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NAMI Bucks County Forms New Crisis Intervention Team

Contributor: Agnes McFarlane

After three years of advocacy on the part of members of NAMI Pa. Bucks County, the first class of 21 certified CIT trained officers graduated in September 2009.

This represented the fulfillment of a dream of those of us who saw the need for the training and were always dismayed to read in the paper of interactions gone wrong. I wasn’t convinced that we could make it happen. We are just ordinary folks, but that dream kept us going.

We continuously visited and spoke with police depts. giving them info on CIT supplied by Maj (ret.) Sam Cochran. At first no department felt that they could be "the one" that would step up. We heard the concern that with 53 police depts. in the county, it would be very difficult to coordinate the training. Every time we hit a bump in the road, we turned to the experts for help. Maj Sam Cochran, Joe Mucenski, of CIT International, Wendy Stewart of Cambria County, Pa., NAMI, Chief Tom Garrity, Camden County, N.J. CIT and many others too numerous to mention spent hours on the phone and e-mails giving advice they had won by experience. We visited Johnstown, Pa., and Collingswood, N.J., and found out that CIT people are generous to a fault with their time and any help they can give to get our program up and running. Our mantra became "there’s no need to reinvent the wheel."

We had to convince our county MH dept that this was a win-win program, and once done, they threw themselves behind the project wholeheartedly, investing dollars in streamlining crisis services. A task force was formed which includes county MH reps, police officers, MH treatment agencies, addiction experts and NAMI members.

In July 2008, eight members of the Task Force traveled to Memphis to study the CIT concept with the originators and developers of the Memphis Model of CIT Training. We then attended the National CIT Convention in November 2008. We felt like sponges, soaking up information from everyone there. We set a goal of June 2009 for our first training, then revised it to September. Crisis services were expanded and a mobile crisis unit was developed.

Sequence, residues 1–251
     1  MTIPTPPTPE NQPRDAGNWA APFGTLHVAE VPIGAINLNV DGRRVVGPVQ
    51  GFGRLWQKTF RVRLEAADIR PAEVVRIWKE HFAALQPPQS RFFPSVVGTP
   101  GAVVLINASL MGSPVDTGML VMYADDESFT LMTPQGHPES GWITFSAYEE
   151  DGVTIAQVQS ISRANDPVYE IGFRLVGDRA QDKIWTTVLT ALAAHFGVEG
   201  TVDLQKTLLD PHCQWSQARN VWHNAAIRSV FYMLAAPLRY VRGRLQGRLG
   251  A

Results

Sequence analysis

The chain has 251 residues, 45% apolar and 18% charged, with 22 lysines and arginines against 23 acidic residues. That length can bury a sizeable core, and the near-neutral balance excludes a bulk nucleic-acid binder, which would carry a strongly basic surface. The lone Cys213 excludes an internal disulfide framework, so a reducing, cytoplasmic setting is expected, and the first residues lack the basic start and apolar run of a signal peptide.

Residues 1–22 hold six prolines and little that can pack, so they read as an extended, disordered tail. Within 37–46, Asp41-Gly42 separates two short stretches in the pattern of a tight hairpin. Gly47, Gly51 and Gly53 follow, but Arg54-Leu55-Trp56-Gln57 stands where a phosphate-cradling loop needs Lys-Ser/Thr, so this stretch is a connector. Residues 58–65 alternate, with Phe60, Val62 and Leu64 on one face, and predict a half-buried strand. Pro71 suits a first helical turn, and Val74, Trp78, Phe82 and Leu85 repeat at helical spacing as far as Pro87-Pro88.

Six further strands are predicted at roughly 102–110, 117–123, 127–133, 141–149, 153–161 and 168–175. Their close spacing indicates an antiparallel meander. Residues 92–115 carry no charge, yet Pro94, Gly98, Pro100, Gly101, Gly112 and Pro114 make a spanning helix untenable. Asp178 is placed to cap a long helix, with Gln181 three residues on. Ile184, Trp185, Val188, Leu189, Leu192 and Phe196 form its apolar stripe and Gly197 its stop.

We convened meetings of stakeholders and garnered more support from agencies and depts. throughout the county. I thought it would be difficult to set up the curriculum but, meeting weekly, we adopted the Memphis program and then fine-tuned it to the needs of our community. We found it easy to recruit presenters who donated their time during the week-long training.

One additional component of the Bucks CIT program is the preliminary training offered. Police Chiefs and upper level administrators are offered a three-and-one-half-hour course covering the methods and objectives of CIT Training. In addition, patrol officers attend a six-hour preliminary introduction to mental illness and CIT training. Although these introductory sessions are not considered to be the full training course, they lay an important groundwork for success of the 40-hour CIT Training Program. All training has received good to excellent ratings from the officers. Stories are starting to come in of the newly certified officers handling situations differently now that they had the new perspective.

I received a lot of encouragement from fellow NAMI advocates and I have to be honest: it was a roller-coaster ride at times. I would just say to anyone interested in starting a CIT, "never give up." Just keep contacting people and presenting the logic of using CIT as an additional tool for police officers. They can’t turn you down with NAMI on your side.